Panna Cotta with Sloe Gin Jelly

img_2350This recipe caught my eye because my friend Sue had given me a bottle of her delicious – and beautifully bottled – home-made sloe gin. I rarely buy food magazines – on the grounds that the pile of recipes to try on my desk is already quite big enough – but succumbed to the Christmas edition of Delicious, and this was in their ‘Showstopper Puddings’ supplement. The combination of ruby jelly and snowy panna cotta seems special without being heavy, while the elegant presentation, though not essential, is striking and does make it look like you’ve made an effort.

Inevitably, I have tweaked the recipe (after following it faithfully the first time around) – I found their quantities made too much for my glasses, and instead of flavouring the jelly with a couple of rosemary sprigs I flavoured the panna cotta with geranium, inspired by Elizabeth David’s Summer Cooking recipe for geranium cream. I have a sturdy lemon geranium plant which smells glorious, and so far has survived unscathed in a corner of my windy balcony. I also replaced some of the cream with yoghurt (as in this recipe for Yoghurt Panna Cotta), in a token nod to New Year resolutions, though I’m not sure this was an improvement. My caster sugar is effectively vanilla sugar as I store part-used vanilla pods in my sugar jar. This isn’t essential but if you don’t fancy or don’t have lemon geranium then flavour the cream with the seeds from a vanilla pod, as the original recipe did. My next experiment will be to try a different flavour of jelly – I think orange would taste great, and if you made it with blood oranges it would look spectacular too, so you can still make this dessert even if you aren’t lucky enough to have some sloe gin.

These quantities fit four 200ml glasses – I can’t serve it to more people as I only have four glasses that are the right size and shape! The quantities are easily multiplied if you are feeding more, and would of course┬átaste just as good set in layers if you can’t be bothered with the (minor) faff of tilting the glasses – the main obstacle being making enough room in the fridge for four glasses plus their containers. You need to start this at least 6 hours before you want to eat it, so ideally in the morning or the night before – don’t skip the step of getting it out of the fridge for an hour before serving, particularly if it has been in the fridge all day, as this does improve the flavour and texture.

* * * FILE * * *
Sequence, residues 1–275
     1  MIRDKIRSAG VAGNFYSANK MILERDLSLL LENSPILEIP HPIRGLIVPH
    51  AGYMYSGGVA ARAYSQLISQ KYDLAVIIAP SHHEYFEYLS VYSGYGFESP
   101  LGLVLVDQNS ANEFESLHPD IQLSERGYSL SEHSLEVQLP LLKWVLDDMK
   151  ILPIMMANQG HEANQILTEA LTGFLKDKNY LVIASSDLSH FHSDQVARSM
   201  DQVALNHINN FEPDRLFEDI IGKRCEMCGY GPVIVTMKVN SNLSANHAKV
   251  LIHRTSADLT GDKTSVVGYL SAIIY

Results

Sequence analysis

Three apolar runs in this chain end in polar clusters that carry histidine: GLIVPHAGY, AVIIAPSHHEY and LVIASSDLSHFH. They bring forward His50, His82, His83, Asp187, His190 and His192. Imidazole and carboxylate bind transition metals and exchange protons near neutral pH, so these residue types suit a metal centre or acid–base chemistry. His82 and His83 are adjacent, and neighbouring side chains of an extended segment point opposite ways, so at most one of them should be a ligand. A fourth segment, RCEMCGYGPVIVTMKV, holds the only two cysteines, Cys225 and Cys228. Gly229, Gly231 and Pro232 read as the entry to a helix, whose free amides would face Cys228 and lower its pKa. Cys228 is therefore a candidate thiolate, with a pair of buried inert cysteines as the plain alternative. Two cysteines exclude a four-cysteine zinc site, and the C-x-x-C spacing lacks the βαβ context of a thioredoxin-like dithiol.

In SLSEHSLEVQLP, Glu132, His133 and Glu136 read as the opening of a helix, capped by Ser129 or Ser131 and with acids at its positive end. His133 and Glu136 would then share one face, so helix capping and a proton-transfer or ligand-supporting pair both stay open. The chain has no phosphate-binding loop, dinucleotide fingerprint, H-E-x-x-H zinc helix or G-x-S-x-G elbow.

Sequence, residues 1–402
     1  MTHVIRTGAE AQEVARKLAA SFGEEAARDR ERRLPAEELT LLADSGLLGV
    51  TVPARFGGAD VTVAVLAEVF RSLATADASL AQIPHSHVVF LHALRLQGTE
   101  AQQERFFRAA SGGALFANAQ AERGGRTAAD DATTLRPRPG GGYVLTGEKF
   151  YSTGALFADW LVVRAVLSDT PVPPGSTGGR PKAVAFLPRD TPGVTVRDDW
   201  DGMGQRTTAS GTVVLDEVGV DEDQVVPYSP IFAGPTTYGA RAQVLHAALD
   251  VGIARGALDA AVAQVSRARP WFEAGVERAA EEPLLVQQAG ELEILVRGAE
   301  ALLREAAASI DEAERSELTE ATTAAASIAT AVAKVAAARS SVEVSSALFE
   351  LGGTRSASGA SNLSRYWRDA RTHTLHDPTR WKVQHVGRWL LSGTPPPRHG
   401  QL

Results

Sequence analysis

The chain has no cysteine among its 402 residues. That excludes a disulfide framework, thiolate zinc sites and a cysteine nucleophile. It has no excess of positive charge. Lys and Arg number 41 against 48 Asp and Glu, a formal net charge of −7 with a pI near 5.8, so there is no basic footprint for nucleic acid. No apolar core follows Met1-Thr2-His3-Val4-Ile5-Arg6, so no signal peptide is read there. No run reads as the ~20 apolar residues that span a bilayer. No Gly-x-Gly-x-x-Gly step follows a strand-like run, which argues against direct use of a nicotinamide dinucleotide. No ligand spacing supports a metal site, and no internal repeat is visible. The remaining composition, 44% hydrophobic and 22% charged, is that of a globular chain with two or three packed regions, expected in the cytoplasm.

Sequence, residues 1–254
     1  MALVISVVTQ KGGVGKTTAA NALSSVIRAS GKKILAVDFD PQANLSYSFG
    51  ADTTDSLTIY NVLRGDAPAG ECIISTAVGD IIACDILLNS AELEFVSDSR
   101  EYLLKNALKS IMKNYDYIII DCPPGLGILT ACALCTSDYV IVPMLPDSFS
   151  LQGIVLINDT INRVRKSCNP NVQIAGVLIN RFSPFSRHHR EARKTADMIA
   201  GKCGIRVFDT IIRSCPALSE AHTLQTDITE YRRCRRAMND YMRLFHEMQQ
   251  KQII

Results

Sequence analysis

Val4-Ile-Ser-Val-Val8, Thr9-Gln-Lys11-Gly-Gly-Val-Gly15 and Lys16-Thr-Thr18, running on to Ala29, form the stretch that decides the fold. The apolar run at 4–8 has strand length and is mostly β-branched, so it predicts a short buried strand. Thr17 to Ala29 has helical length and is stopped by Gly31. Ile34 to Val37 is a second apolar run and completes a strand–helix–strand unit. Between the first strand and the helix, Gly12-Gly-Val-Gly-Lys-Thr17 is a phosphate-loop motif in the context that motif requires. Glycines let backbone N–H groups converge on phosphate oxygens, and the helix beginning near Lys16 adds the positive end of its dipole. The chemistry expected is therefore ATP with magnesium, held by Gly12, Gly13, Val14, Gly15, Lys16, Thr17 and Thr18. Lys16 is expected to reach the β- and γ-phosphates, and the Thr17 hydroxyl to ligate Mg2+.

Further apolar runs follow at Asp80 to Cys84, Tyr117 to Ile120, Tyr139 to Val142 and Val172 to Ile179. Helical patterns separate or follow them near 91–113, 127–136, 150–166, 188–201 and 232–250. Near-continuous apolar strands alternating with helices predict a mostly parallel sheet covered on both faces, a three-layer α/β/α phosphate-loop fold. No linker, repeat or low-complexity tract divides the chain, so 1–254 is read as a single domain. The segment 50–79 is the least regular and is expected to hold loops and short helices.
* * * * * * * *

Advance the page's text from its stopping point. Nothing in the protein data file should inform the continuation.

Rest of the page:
Panna cotta
2 gelatine leaves (I use Costa Fine Leaf)
400ml double cream (or 300ml double cream + 100ml Greek yoghurt
35g caster sugar (or about 2 rounded tbsps)
2 scented geranium leaves (or seed from 1/2 vanilla pod)

Sloe Gin Jelly
3 gelatine leaves
50g caster sugar
125ml sloe gin
2 rosemary sprigs (optional)

Start with the panna cotta: put the gelatine leaves in a bowl and cover with cold water. While they are soaking, gently heat the double cream, sugar and vanilla or geranium leaves in a large saucepan. Heat the cream until it is just steaming, not simmering, and the sugar has dissolved. Remove from the heat. (If you are using geranium and want a strong flavour leave the cream to stand for a while – though I found that it perfumed the cream without doing so. You will need to reheat the cream before before proceeding.) Remove the geranium leaves, then squeeze out the water from the gelatine leaves and stir them into the cream until dissolved. Add the yoghurt, if using, and leave to cool until it is just warm to the touch.

img_2349-1Now for the Blue Peter bit: find bowls in which you can support your glasses at an angle, using a nub of blue-tac to stop them shifting about. Once the panna cotta has cooled, pour or spoon it into the glasses to form a pristine ski slope of cream up to the rim of the glass. Carefully move to the fridge and leave to set – I left mine for a couple of hours.

When the panna cottas have almost set make the jelly. Put the gelatine leaves to soak in cold water, as before. Put 150ml of water and the caster sugar in a pan and heat gently until the sugar has completely dissolved. Add the sloe gin (and the sprigs of rosemary if you are using them), and cook over low heat for a couple of minutes. Remove from the heat, squeeze out the gelatine and stir into the mixture, stirring until it is dissolved. Allow to cool until it is just warm to the touch and then spoon or pour into the glasses. You can either stand the glasses straight at this point (as I did) or set them at the opposite angle to create a slope of jelly. Leave to set for at least 3 hours. Take out of the fridge for about an hour before serving to bring them back to near room temperature.

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